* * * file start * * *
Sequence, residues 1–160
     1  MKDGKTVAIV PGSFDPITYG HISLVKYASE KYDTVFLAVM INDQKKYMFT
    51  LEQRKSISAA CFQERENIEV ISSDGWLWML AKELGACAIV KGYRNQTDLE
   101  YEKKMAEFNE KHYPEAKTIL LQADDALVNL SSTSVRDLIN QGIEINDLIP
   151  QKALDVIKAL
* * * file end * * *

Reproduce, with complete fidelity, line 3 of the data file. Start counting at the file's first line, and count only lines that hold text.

    51  LEQRKSISAA CFQERENIEV ISSDGWLWML AKELGACAIV KGYRNQTDLE